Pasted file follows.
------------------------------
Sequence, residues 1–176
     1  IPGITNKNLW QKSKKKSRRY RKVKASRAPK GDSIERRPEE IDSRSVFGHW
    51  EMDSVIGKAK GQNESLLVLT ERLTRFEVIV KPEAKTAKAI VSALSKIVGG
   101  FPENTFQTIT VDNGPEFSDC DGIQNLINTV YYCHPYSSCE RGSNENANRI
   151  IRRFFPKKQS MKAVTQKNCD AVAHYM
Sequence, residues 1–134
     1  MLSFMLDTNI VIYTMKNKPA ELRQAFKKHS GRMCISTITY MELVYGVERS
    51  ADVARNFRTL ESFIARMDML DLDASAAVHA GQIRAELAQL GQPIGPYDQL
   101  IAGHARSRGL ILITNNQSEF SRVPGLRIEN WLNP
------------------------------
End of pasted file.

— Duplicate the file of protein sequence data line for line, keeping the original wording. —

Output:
Sequence, residues 1–176
     1  IPGITNKNLW QKSKKKSRRY RKVKASRAPK GDSIERRPEE IDSRSVFGHW
    51  EMDSVIGKAK GQNESLLVLT ERLTRFEVIV KPEAKTAKAI VSALSKIVGG
   101  FPENTFQTIT VDNGPEFSDC DGIQNLINTV YYCHPYSSCE RGSNENANRI
   151  IRRFFPKKQS MKAVTQKNCD AVAHYM
Sequence, residues 1–134
     1  MLSFMLDTNI VIYTMKNKPA ELRQAFKKHS GRMCISTITY MELVYGVERS
    51  ADVARNFRTL ESFIARMDML DLDASAAVHA GQIRAELAQL GQPIGPYDQL
   101  IAGHARSRGL ILITNNQSEF SRVPGLRIEN WLNP